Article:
New blood-lead tests for Pirie's children

SWITCH: Authorities have switched laboratories for tests of children's blood-lead levels.The new analysis was introduced at the start of this year by the health department.
SWITCH: Authorities have switched laboratories for tests of children's blood-lead levels.The new analysis was introduced at the start of this year by the health department.

Children's blood-lead tests are no longer being done by Nyrstar smelter for analysis by health authorities.

This was changed on January 1 so that SA Pathology provides the results.

Before that, tests were being performed by both entities with the smelter results said to be "slightly" lower than the pathology department's.

The Recorder asked the health department about possible distortions in year-to-year comparisons.

Health's director of scientific services, Dr David Simon, confirmed that year-to-year comparisons had looked at analysis by the smelter in 2018 and by the pathology department in 2019.

"It could have magnified the increase by a small amount, perhaps by one microgram per decilitre," he said.

But he said this had no effect on the numbers of children with blood-lead levels of concern above 10 or 20 micrograms per decilitre.

He said the health department still worked with the families of children in this range to reduce their readings.

The switch in analysis from Nyrstar to the pathology department had resulted from:

  • Concerns that there was "conflict between the polluter and the child"
  • The pathology department had a far simpler method of analysis
  • It avoided two laboratories doing the same tests.

Dr Simon said "double-check" tests for the pathology department were done by New South Wales Pathology on the same machine.

He said blood-lead testing was not done "to see whether Nyrstar is going its job", but to target help to affected families.

"Nyrstar has 12 air monitors around town and the Environment Protect Authority at least three," he said pointing to alternate indicators of lead pollution.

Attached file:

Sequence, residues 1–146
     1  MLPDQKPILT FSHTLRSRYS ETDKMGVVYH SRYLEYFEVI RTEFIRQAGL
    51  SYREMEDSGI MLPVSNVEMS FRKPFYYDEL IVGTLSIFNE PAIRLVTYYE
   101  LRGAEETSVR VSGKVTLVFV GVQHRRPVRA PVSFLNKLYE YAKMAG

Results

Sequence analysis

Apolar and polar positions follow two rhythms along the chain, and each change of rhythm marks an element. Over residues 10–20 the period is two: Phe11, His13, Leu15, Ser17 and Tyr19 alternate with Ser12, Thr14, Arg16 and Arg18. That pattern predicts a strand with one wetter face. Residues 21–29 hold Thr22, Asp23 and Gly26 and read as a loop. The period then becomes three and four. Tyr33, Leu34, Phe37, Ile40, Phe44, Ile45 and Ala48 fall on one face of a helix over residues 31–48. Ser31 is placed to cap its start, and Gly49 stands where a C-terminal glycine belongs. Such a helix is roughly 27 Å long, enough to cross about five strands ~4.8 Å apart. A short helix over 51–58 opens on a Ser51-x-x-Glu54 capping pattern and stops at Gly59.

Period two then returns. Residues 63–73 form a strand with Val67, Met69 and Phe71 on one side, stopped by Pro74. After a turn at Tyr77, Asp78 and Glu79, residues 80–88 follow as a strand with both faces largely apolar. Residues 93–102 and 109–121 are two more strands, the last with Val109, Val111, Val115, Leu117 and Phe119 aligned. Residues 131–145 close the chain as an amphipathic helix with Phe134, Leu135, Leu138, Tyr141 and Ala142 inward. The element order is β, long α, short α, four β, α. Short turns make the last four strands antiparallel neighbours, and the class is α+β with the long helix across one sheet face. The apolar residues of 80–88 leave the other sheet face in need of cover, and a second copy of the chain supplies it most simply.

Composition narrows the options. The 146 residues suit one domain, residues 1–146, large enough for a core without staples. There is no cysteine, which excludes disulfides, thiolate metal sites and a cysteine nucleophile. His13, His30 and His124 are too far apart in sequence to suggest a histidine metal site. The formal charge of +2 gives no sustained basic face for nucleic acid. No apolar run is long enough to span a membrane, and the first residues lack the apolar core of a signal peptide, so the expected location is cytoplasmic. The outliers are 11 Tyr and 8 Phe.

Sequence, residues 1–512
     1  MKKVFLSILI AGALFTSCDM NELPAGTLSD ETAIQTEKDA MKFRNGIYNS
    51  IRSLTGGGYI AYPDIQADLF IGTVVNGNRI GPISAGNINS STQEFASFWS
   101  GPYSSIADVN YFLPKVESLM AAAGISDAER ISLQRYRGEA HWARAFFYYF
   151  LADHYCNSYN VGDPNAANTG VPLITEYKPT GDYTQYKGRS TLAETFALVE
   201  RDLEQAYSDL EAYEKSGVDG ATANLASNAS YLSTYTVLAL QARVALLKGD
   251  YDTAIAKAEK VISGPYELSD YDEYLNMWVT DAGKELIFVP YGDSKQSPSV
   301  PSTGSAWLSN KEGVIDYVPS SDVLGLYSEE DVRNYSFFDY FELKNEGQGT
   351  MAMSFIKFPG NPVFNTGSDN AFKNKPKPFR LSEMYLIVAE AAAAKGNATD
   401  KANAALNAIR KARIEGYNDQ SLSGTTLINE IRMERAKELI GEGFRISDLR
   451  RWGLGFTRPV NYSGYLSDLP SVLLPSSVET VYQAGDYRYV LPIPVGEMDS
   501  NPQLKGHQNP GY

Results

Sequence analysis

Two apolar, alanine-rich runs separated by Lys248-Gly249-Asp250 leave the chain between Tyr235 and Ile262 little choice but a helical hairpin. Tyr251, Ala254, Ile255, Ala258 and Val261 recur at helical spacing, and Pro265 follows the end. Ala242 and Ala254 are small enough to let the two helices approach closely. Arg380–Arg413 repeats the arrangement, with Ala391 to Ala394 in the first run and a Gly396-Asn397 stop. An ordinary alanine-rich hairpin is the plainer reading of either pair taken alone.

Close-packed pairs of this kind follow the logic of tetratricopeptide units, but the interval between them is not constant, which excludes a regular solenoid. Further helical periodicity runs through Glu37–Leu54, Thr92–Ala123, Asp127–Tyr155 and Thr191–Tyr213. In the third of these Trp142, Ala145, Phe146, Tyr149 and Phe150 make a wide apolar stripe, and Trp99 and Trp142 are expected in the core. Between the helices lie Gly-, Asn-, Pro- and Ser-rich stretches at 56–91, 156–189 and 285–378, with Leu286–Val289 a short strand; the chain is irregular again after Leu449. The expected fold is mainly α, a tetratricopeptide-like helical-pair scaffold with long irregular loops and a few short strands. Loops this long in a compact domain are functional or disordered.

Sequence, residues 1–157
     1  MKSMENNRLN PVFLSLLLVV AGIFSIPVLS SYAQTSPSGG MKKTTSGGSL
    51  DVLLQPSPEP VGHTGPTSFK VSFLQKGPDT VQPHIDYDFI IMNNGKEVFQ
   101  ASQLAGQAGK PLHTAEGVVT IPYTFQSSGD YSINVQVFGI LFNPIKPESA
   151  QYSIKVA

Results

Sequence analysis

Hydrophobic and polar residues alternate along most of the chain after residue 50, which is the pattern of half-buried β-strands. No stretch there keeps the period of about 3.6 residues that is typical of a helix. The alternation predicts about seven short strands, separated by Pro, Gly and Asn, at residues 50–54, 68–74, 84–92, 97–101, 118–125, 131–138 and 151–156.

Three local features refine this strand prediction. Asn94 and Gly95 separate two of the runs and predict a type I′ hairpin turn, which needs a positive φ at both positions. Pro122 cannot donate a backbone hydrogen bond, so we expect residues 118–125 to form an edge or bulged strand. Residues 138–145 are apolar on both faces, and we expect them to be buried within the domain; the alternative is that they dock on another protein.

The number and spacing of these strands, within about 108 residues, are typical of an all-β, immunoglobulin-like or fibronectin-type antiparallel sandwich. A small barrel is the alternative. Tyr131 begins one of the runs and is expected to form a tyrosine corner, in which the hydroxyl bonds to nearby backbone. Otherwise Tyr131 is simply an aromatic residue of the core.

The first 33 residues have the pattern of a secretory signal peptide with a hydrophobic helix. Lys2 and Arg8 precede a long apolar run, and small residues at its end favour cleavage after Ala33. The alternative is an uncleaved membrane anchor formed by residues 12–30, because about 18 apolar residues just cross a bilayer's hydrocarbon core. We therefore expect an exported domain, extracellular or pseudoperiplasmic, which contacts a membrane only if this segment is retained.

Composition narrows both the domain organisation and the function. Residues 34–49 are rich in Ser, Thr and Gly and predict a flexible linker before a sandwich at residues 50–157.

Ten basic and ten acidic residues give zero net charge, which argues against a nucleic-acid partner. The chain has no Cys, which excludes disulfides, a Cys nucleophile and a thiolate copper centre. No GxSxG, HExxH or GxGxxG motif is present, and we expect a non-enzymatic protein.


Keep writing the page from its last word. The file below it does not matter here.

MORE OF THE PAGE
It was agreed that children's blood-lead results could be biased because children with low levels were sometimes withdrawn from the program by their parents.

"We suggest that is not a bad idea by the parents," Dr Simon said.

But he conceded that consecutive quarters of testing could contain a greater number of high-level children.

"There is a bias, but in the report we say that all reports show a bias," he said.

Asked why all children were not tested, he replied that public health programs were unable to force parents to test their children unless the children were exposed to lead. "It would be like testing a teenage for bowel cancer. You just wouldn't do it," he said.

Asked why each quarterly result was not compared with the previous quarter, he said this was not done and it was too hard to do so because of weather changes between test times.

Dr Simon was asked whether he had a conflict of interest in commenting on results when he had written a scientific paper titled Living in a Sea of Lead.

"No, I don't because the purpose of writing that paper was to put into peer group literature how children were being exposed to lead from birth," he replied.

He said a study had been done in Adelaide pointing to this factor, but previously it had been unclear whether exposure happened at, say, two, three or six months.

Originally, Port Pirie children had been tested monthly.

This was modified to enable health to work with families from birth.

His paper had been quoted around the world.

"It is a paper that helped to re-evaluate the Environmental Health Centre program and put in place the regime we have today," he said.

The third-quarter analysis for this year shows what health says is "deterioration" in the children's blood-lead levels. The average level for two-year-olds increased from 5.8 micgrograms per decilitre at this time last year to 6.6, continuing a trend seen earlier this year.

Dr Simon said it was "most concerning" that there was an increase in the number of children at high risk of health effects with levels equal to or above 20.

This had risen to 15 children from 12 at the same time last year.

The results also showed the overall average level of all children tested had risen from 4.1 to 5.6.

"The results are ... expected given the prolonged high lead-in-air emissions between 2016 and 2018, carrying a big amount of lead-contaminated dust across the city," Dr Simon said.

"There are some early signs that the deterioration in levels may be starting to reduce.

"This could be linked to the fact that children are less likely to be exposed to lead in winter as they spend more time indoors and wet weather suppresses dust in the environment along with the reported reduction in average lead-in-air this year.

"The Environmental Health Centre will work with the community to monitor the situation as we move closer to dry, windy conditions in summer."

Interventions are offered to children with elevated blood-lead levels, but, given the known effect of lead on children's developing brains, preventing exposure in the first place is said to be the chief aim.

"Case workers work closely with parents and caregivers of children with elevated blood-lead levels to help families to reduce lead exposure," Dr Simon said.

Since 2010, the number of children tested in each quarter has varied between about 180 and 277.